This problem was in my math textbook, and I found it really interesting. It took me a while to do, but the solution is kind of simple. If you want a fun little problem, here you go I geuss!

Good Luck!

**The polynomial \(f(x) = 3x^2 - 20x^2+kx+12\) is divisible by **\(x - 3\) **for some constant k. Factor the polynomial f(x) completely. **

I will leave a few hints.

First off, we must find what k is. Use synthetic division to your advantage.

Second, once we achieve k, factor x - 3 out of the polynomial to find the other 2 roots.

**For bonus points, find the roots of the polynomial f(x). **

Good Luck and Thank you!

:)

NotThatSmart Apr 30, 2024

#1**+1 **

I think it must be 3x^3 - 20x^2 + kx + 12 ????

3 is one root

3 [ 3 - 20 k 12 ]

9 -33 3k - 99

____________________________

3 -11 k - 33 3k - 87

3k - 87 = 0

3k = 87

k = 29

3 [ 3 -20 29 12 ]

9 -33 -12

_________________________

3 -11 -4 0

The remaining polynomial is

3x^2 -11x - 4 = 0

(3x + 1) ( x - 4) = 0

The other two roots are -1/3 and 4

CPhill Apr 30, 2024

#3**+1 **

Good Job @CPhill and @MaxWong.

I geuss this problem wasn't much of a challenge for you. LOL!

Yes, I did the same thing as both of you. We can easily use synthetic division to achieve our eventual solution.

And yes, sorry about that. I did mean 3x^3. A little typo, but I'm glad you both realized it!

Thanks!

NotThatSmart
Apr 30, 2024

#2**0 **

I assume you mean \(3x^3\) and not \(3x^2\), because it is impractical to write polynomials in an un-simplified way. (I hope you understand what I meant, my English is not that good)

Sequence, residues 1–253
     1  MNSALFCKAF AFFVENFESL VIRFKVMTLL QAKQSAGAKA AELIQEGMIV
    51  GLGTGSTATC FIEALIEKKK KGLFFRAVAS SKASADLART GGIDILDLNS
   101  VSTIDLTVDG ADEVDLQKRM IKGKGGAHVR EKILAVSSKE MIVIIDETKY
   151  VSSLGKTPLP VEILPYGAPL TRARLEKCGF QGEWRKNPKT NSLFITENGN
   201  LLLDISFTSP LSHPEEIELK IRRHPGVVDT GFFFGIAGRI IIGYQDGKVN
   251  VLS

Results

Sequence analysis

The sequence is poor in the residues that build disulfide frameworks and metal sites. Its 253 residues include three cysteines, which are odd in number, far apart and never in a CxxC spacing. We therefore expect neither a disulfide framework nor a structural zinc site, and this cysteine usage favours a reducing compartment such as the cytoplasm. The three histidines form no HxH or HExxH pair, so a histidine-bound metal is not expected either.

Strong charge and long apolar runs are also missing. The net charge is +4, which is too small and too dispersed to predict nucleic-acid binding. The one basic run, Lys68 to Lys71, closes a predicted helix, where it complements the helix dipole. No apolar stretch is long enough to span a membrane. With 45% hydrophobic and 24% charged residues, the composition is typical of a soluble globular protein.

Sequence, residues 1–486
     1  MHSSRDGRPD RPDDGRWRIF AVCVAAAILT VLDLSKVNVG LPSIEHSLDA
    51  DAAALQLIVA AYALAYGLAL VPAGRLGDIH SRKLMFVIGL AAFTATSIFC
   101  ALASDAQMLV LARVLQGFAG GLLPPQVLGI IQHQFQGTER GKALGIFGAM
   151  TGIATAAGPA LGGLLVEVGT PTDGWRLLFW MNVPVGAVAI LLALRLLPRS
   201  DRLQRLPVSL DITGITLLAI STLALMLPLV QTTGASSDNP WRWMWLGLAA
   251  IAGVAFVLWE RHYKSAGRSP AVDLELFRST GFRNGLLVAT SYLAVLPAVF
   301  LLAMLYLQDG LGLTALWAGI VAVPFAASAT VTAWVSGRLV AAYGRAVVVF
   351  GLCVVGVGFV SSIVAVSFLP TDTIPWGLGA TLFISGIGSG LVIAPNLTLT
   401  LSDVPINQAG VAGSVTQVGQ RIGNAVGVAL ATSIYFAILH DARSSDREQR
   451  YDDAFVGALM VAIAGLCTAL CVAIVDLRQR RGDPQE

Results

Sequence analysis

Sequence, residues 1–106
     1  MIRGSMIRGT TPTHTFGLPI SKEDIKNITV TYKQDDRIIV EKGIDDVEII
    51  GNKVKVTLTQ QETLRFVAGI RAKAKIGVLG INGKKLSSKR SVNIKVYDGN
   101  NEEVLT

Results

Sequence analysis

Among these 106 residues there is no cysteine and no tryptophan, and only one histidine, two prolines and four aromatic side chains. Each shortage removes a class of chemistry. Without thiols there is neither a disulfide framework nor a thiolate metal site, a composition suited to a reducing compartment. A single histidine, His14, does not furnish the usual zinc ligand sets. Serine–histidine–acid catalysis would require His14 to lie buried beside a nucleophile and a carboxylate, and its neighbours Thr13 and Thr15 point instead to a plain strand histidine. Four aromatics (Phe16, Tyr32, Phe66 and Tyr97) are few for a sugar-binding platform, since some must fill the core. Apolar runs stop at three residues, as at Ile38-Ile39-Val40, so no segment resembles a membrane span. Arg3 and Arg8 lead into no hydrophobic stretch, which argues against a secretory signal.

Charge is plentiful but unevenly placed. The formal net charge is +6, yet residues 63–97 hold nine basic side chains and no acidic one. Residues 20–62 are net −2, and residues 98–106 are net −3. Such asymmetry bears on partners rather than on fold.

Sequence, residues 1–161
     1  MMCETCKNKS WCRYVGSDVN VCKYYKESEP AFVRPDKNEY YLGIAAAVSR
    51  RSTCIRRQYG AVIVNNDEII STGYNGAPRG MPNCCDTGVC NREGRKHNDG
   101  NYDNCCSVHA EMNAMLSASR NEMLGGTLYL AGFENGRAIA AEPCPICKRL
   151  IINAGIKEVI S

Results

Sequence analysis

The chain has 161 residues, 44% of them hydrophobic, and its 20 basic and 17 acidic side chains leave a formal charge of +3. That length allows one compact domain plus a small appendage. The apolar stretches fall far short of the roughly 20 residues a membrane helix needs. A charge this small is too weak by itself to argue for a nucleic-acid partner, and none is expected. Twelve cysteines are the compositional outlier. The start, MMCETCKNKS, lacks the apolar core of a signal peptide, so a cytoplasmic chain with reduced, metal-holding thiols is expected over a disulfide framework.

We state the factor theorem as follows:

Let \(p(x)\) be a polynomial. If \(p(x)\) is divisible by \(x - k\), then \(p(k) = 0\).

This is a well-known result in algebra. We prove it using division algorithm: Suppose that when p(x) is divided by x - k, the quotient is q(x) and the remainder is r. (The remainder is a constant because it must have lower degree than the divisor x - k.) By division algorithm, we must have \(p(x) = (x - k)q(x) + r\), substituting x = k gives \(r = p(k) + 0q(k) = p(k)\). Therefore the factor theorem is equivalent to saying "If p(x) is divisible by x - k, then the remainder is 0 when p(x) is divided by by x - k", which is obviously true.

We can use this result to solve the problem. From the factor theorem, we know that \(f(3) = 0\). Then, substituting x = 3 into the definition of f(x) gives \(3k -87 = 0\), which gives k = 29.

Suppose \(f(x) = (x - 3)(ax^2 + bx + c)\). Then \(ax^3 + (b - 3a)x^2 + (c - 3b)x - 3c = 3x^2 - 20x^2 + 29x + 12\). Comparing coefficients gives \(a = 3, b = -11, c = -4\). Then we have \(f(x) = (x - 3)(3x^2 - 11x - 4)\). Factorizing the quadratic part further, we have \(f(x) = (x - 3)(3x + 1)(x - 4)\).

For the bonus part, simple inspection gives the roots x = 3, x = 4, and x = -1/3.

MaxWong Apr 30, 2024